• In addition to CPEC, China considers Gilgit-Baltistan very important because of its strategic location. It is contiguous to Ladakh as well as Xinjiang and could act as a staging post against India if a major conflict erupts in Ladakh. Beijing possibly presumes that Pakistan will agree to a Chinese military presence in Gilgit-Baltistan because Islamabad would like to see India embroiled simultaneously in a two-front war — in Ladakh and Gilgit — with China.
    • The Government will also start working on the Moqpondass Special Economic Zone (SEZ) under the China Pakistan Economic Corridor (CPEC).

There is already substantial Chinese civilian presence in Gilgit-Baltistan related to CPEC projects. China is interested in stationing military personnel as well. Delinking the region from the Kashmir dispute would make it easier for the international community to accept Chinese presence in Gilgit-Baltistan. It would also serve Pakistan’s purpose of getting back at India for abrogating Article 370 as well as complicating India’s strategic environment by the implicit threat of turning it into a Chinese staging ground.

India’s Response

India had slammed Pakistan for its attempt to accord provincial status to “so-called Gilgit-Baltistan”, saying it is intended to camouflage the “illegal” occupation of the region by Islamabad.  

Spokesperson in the Ministry of External Affairs Anurag Srivastava said India “firmly rejects” the attempt by Pakistan to bring material changes to a part of Indian territory which is under Islamabad’s “illegal and forcible occupation” and asked the neighbouring country to immediately vacate such areas. 

What is the region’s current status?

Though Pakistan, like India, links G-B’s fate to that of Kashmir, its administrative arrangements are different from those in PoK. While PoK has its own Constitution that sets out its powers and their limits vis-à-vis Pakistan, G-B has been ruled mostly by executive fiat. Until 2009, the region was simply called Northern Areas.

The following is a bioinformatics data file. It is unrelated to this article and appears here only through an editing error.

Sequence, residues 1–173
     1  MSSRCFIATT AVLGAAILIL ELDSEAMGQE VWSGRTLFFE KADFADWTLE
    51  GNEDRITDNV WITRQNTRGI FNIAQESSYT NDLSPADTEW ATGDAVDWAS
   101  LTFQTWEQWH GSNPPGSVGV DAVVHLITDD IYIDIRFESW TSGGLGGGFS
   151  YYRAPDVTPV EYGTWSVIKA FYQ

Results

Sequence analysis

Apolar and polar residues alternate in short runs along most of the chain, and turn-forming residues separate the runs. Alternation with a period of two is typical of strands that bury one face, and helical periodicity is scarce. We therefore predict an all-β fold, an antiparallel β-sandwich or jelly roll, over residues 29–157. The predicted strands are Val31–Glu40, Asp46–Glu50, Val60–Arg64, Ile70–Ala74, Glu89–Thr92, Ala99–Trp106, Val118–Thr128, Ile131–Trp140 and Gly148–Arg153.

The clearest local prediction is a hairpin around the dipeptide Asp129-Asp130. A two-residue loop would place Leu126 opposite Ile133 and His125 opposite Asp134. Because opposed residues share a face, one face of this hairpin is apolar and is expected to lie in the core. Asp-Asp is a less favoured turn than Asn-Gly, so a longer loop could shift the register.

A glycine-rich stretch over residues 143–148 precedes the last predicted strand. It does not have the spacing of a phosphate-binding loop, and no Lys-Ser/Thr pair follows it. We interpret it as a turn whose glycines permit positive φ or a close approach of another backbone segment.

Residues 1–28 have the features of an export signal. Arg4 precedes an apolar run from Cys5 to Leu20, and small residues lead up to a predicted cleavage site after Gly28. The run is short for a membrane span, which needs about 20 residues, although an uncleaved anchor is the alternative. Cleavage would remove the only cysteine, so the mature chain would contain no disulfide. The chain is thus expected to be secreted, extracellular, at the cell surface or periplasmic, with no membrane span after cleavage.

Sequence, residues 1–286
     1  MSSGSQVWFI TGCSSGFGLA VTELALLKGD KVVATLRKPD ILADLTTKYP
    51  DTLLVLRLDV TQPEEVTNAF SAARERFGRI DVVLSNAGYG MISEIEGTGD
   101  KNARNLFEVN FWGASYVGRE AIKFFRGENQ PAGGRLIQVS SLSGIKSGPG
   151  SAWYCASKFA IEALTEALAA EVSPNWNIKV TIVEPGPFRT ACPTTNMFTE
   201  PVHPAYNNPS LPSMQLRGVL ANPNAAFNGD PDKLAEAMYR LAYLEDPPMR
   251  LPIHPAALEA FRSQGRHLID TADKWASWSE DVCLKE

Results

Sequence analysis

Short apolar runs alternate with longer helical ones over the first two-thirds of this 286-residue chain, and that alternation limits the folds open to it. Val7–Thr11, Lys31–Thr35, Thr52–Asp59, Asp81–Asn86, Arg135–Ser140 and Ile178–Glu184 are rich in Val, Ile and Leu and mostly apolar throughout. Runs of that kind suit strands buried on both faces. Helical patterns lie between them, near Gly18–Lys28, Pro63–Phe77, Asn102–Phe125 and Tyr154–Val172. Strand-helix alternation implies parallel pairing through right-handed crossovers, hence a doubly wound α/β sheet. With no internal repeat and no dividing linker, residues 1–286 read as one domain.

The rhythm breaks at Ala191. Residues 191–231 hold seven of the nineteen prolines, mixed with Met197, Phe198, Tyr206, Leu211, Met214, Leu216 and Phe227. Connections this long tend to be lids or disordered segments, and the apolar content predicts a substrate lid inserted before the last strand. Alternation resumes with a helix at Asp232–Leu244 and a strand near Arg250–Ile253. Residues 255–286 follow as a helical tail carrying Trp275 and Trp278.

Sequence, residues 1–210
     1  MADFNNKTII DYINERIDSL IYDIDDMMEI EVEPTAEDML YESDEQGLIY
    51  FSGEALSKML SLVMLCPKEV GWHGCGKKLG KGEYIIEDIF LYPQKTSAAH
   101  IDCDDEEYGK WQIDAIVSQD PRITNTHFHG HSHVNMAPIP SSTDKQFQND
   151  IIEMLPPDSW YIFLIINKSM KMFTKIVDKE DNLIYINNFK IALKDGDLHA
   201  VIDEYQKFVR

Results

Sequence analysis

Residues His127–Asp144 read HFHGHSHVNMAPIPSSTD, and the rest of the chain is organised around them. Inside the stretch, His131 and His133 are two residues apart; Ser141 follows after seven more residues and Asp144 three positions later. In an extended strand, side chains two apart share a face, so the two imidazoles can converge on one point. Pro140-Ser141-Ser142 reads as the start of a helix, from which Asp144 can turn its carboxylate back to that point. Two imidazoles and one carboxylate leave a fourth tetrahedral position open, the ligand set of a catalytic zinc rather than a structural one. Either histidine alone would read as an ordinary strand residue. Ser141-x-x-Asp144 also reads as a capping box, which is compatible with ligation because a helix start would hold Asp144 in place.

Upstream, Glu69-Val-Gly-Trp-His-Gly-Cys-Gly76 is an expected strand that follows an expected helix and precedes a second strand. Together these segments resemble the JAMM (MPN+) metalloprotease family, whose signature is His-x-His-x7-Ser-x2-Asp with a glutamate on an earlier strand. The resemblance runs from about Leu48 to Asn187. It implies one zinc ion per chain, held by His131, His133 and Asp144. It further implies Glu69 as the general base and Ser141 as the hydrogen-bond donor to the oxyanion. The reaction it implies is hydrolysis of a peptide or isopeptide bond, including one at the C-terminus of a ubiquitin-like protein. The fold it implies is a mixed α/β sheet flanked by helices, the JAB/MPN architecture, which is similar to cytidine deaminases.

It got its present name only with the Gilgit-Baltistan (Empowerment and Self-Governance) Order, 2009, which replaced the Northern Areas Legislative Council with the Legislative Assembly. The NALC was an elected body, but had no more than an advisory role to the Minister for Kashmir Affairs and Northern Areas, who ruled from Islamabad. The Legislative Assembly has 24 directly elected members and nine nominated ones.

In 2018, the then PML(N) government passed an order centralising even the limited powers granted to the Assembly, a move linked to the need for greater control over land and other resources for the infrastructure projects then being planned under CPEC. The order was challenged, and in 2019, the Pakistan Supreme Court repealed it and asked the Imran Khan government to replace it with governance reforms. This was not done. Meanwhile, the Supreme Court extended it jurisdiction to G-B, and made arrangements for a caretaker government until the next Legislative Assembly elections.

The last polls were held in July 2015, and the Assembly’s five-term ended in July this year. Fresh elections could not be held because of the pandemic. It is not clear if the provincial status will come before or after the polls.

Conclusion

A quick glance at a map of the region will display Gilgit-Baltistan’s incredible potential and geostrategic importance. No wonder this was the heart of the Great Game a hundred years ago.

India must calibrate its response carefully because merely by turning up the rhetorical heat, it may play into Chinese and Pakistani hands and escalate the situation. Rhetoric must always be determined by a meticulous assessment of capability.

Connecting the dots:

  1. Discuss the critical phases on India-Pakistan relations.
  2. Map-making in the subcontinent must come to an end. Comment.